What makes Performance Appraisal Systems successful?
Is the success of performance appraisal systems dependent on quality or is the secret to be found elsewhere?
Your choice of performance appraisal system will certainly have an impact on the success of your appraisal process but ultimately, the secret to success does lie elsewhere.
Over the 20 years I’ve spent assisting organisations with performance management, I’ve seen an unbelievable change in the range of performance appraisal systems on the market and there’s no doubt that a lot of them will stand up to scrutiny in performance appraisal terms.
There is though a big ‘but’ here. Having a top of the range appraisal system doesn’t automatically guarantee success. Good though it may be, even the ‘best’ system won’t work effectively if it doesn’t satisfy two key criteria; it must suit the culture of your organisation and it must be ‘welcomed’ by your workforce.
Put simply, as long as your appraisers and also, very importantly, your workforce as a whole, actually want to use the performance appraisal system, they fully understand its benefits and they know how to use it, the system should achieve its objectives (and potentially, even more).
On the flip side, if people don’t want the performance appraisal system, they won’t use it and they’ll tend to pay lip service to it. This is often the reason why the performance appraisal process becomes a tick box exercise rather than a constructive process linking performance review and personal development with organisational objectives.
Download this essential Performance Appraisal Guide. A handy list of the key actions to take when preparing for the appraisal, during the appraisal meeting and throughout the year.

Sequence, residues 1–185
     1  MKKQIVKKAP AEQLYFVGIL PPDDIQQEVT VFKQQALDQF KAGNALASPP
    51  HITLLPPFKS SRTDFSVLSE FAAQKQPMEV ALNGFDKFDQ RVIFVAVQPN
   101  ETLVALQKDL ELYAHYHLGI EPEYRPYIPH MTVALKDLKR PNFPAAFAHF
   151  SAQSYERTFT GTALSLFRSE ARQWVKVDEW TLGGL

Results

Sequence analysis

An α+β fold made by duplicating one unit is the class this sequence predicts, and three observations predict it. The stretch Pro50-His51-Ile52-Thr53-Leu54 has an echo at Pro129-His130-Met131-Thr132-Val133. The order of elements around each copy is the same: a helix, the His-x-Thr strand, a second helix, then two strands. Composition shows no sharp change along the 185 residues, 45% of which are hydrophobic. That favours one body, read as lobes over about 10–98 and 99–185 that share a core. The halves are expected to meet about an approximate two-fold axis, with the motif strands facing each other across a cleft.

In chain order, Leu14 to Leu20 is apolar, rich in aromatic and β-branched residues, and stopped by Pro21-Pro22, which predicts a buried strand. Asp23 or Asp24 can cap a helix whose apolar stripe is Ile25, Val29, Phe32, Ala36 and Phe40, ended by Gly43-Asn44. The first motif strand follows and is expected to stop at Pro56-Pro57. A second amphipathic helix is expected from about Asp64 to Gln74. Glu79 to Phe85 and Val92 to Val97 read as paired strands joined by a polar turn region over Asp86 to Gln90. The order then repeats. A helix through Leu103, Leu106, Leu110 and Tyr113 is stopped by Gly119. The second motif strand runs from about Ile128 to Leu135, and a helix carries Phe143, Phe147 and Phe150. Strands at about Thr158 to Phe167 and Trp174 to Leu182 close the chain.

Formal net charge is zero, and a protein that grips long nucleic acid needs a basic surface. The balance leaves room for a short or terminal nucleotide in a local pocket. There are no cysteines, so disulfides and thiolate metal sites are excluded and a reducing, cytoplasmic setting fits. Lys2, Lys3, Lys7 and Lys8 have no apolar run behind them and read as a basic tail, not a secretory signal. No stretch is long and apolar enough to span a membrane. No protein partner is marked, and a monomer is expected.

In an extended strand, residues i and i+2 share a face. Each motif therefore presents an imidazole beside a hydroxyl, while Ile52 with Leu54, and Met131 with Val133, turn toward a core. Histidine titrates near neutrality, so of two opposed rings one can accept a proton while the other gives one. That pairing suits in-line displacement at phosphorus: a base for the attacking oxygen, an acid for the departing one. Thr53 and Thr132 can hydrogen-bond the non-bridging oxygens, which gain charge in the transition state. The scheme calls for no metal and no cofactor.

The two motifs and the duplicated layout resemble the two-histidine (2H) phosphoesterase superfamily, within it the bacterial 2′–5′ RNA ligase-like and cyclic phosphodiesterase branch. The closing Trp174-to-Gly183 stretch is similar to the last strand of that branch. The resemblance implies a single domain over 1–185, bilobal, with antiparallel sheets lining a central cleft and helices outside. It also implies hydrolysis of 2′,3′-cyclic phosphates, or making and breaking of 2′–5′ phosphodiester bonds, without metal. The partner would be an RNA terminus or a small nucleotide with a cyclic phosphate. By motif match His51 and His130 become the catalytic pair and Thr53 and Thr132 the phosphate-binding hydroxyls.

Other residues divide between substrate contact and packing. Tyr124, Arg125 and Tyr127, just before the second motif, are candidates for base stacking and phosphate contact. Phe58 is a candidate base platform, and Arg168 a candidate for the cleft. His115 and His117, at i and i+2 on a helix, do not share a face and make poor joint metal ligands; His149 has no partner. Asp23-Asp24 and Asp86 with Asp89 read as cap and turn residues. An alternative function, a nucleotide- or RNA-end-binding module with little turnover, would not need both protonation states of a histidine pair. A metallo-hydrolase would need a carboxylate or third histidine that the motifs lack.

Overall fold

So, just how do you get to the point where your appraisers and employees actually want to use your performance appraisal system?
In my experience, to really want to use it, they must like it. To like it, it’s essential that they find it user friendly and manageable in terms of time and effort. Critically, they must also understand why it’s worth their while making the effort to commit to it; in other words, they need be crystal clear of the benefits the appraisal system will bring to them as individuals and the organisation as a whole.
This is where the link to organisational culture comes in. People won’t warm to and embrace a performance appraisal system if it doesn’t suit their culture. The system needs to align with the way your people think, communicate and operate. For example, one organisation’s culture may embrace a discussional format for assessment purposes whereas another may prefer a straightforward rating system. There are of course many other examples I could give and criteria I could mention.
However, to choose the appropriate appraisal system isn’t enough to ensure success on its own. Once a system is in place, education comes to the fore. Some organisations make the mistake of assuming that appraisers and employees already know what they’re supposed to do and why they’re supposed to do it. Proactive organisations realise this isn’t necessarily the case. They make no assumptions; they take the initiative by organising training sessions for appraisers and briefing sessions for employees. The aim of these sessions is not so much aimed at teaching people how to use the appraisal system, but more to focus on why the system is worthwhile committing to and the benefits that will come from it.